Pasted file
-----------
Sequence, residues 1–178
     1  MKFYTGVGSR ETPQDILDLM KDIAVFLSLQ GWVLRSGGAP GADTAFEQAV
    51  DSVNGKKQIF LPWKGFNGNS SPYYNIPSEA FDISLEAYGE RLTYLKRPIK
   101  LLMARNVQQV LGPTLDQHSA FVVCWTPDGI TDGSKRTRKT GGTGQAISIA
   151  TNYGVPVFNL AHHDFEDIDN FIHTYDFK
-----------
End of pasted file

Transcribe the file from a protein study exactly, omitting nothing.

Sequence, residues 1–178
     1  MKFYTGVGSR ETPQDILDLM KDIAVFLSLQ GWVLRSGGAP GADTAFEQAV
    51  DSVNGKKQIF LPWKGFNGNS SPYYNIPSEA FDISLEAYGE RLTYLKRPIK
   101  LLMARNVQQV LGPTLDQHSA FVVCWTPDGI TDGSKRTRKT GGTGQAISIA
   151  TNYGVPVFNL AHHDFEDIDN FIHTYDFK